1. A combination of numbers 2-8. A deceiving, swindling, loose cannon candidate who seems to feel he is above the law, above his prospective constituents, and accountable to no one who learned his tactics from one of Georgia’s biggest deceivers.

That is one of your House District 21 candidates, folks. You can choose him, or you can vote for the other guy. Scot Turner. It seems pretty easy to me.

My 30 Second Elevator Speech on Last Night in 21

voter

My thirty-second blurp on last night:

A HUGE HUGE GIANT congratulations to Brandon Beach in Senate 21. A dedicated grassroots effort pulled it out.  I always find it a tad more glorious when politicians lose out after vacating a seat to seek a “better” or “more powerful” position. Not only did Will the Winner cost taxpayers thousands after we just had a primary in July, Jerguson added to that cost by abandoning his seat after he was also challenged in July. Clearly, the voters wanted him as a Rep, and told him so in July. He got a bit antsy… Now he has nada.

Had it not been for his abandonment, however, true public servant Scot Turner would not have had the opportunity to run again and give the people of Cherokee substantial representation. While it’s unfortunate that Turner was just shy of the 50%+1 vote, I’m confident he can pull out a win against not-so-organized, barely-able-to-overcome-a-Dem-in-Cherokee Brian Laurens in the runoff. Besides, Turner  was the only one who cared enough to challenge an incumbent in July’s primary.

So, it continues…but we know how I really feel.

You’re not ready for that, Bro!

DISCLOSURE: I am not employed for any campaign in the House District 21 Special election, nor am I employed for any company working on any campaign in the race. I do not live in Cherokee county and cannot vote for any of the candidates. The following blog post is based solely on personal interactions and in no way reflects any other campaign.

On Facebook, there is a ‘group’ titled “Cherokee Young Republicans”. Because it is a group, notifications are sent out whenever posts are made. On New Years Eve, I received posts because candidate Brian Laurens had posted in the group. He posted about his being the ‘right man for the job’ to which I questioned why he waited until the incumbent stepped down if he was the right man for the job. You can see the interaction below:

laurens2laurens3So, I missed the screen shot on my entire comment, but, basically I was drawing attention to the fact that if this seat is so important because of the ISSUES affecting Cherokee county, it wouldn’t matter if there was an incumbent or not. It would be solely about the people of Cherokee. We can see by Mr. Laurens comments that he could care less that I’m not a constituent, but only because I’m not donating money. He also attempted to discredit me by associating me with another campaign based upon previous work experience, which is also false.  You can check where Laurens received his out-of-district donations by visiting here, but I think it’s obvious that Mr. Laurens couldn’t care less about citizen input unless there is money involved. Instead of responding, Mr. Laurens deleted the post. (I knew he would…thus the screen shots.)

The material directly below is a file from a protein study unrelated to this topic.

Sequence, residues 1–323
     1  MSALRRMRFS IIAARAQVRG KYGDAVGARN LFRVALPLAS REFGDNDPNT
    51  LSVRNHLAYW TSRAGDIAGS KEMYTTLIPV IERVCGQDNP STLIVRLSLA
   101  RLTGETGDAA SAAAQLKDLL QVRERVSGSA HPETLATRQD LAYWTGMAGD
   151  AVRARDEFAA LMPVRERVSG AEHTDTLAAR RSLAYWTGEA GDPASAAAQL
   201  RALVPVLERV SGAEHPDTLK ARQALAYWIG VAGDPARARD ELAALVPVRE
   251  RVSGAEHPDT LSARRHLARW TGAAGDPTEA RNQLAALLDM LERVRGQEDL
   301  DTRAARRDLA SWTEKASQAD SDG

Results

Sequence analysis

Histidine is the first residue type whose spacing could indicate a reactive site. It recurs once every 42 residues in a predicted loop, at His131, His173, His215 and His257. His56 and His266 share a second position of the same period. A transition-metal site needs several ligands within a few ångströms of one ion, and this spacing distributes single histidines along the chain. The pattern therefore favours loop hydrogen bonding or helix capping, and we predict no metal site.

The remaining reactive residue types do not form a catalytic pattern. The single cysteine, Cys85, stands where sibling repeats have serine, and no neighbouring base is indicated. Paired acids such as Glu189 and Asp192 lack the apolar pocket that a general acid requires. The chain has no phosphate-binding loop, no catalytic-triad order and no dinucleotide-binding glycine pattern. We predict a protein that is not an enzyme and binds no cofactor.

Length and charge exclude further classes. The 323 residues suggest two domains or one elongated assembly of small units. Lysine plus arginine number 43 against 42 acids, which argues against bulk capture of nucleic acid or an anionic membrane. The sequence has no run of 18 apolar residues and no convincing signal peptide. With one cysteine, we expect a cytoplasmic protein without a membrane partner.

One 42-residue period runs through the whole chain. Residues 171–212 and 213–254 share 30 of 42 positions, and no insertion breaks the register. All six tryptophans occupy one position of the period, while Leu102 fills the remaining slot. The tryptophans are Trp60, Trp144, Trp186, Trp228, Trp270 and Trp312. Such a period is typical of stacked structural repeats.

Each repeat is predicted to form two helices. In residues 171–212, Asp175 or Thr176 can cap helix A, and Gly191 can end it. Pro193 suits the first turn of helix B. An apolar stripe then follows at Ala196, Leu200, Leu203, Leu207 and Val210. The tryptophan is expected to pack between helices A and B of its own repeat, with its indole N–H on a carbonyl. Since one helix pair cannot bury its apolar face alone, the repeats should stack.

Mr. Laurens also posted about pledging the Fair Tax. As a campaign consultant and as a Georgia taxpayer, I can’t stand when candidates make empty promises that they cannot single-handedly uphold. You can pledge to refuse lobby donations and you can pledge to host town hall meetings, heck, you can pledge to only wear black suits. You cannot pledge to champion legislation. Sorry. It just doesn’t work that way. He included a picture of his mailer and of course, I called him out. He responded as seen below.
laurendsedit1laurens4
Now- it seems to me that Mr. Laurens has forgotten that while he may be the direct representative of the residents in Cherokee county, he has the ability to affect every citizen in Georgia. To break it down for you on a very basic level, Brian, it means your actions are part of a greater body that works toward all kinds of people from all parts of the state. Therefore, I have every right to an opinion about what you ‘pledge’ to do.

It’s no secret that Mr. Laurens doesn’t care for me as a blogger (as he has made quite clear during interactions with me and an employer) and he didn’t appreciate my lack of brown-nosing to former Senator Chip Rogers. Is that really cause for public dismissal?

MORE CONTRADICTIONS:
Mr. Laurens shows his “outpouring of support” from the community and leaders across Cherokee…

laurensrelease
Yet, just a few days later, Mr. Laurens posted on his Facebook page that he doesn’t care about any endorsements. Just the people.
laurens.postBUT!  This was just days after a series of Georgia Right to Life endorsement pushes and posts, and likely mailers.

So which one is it, Brian? Do you care about the leaders in Cherokee or do you care about the voters? According to your posts, it can’t be both. And please don’t go all John Kerry on us.
I think we are all tired of dismissive and condescending males who think they have a shoe-in to public office because of who they know.  I think it’s clear that Mr. Laurens is not cut out for this office at this time. Maybe after a little growing and a little humility, things will be different.

Also, you can’t put your own kid on the Georgia- Right to Life endorsement. That’s cheating.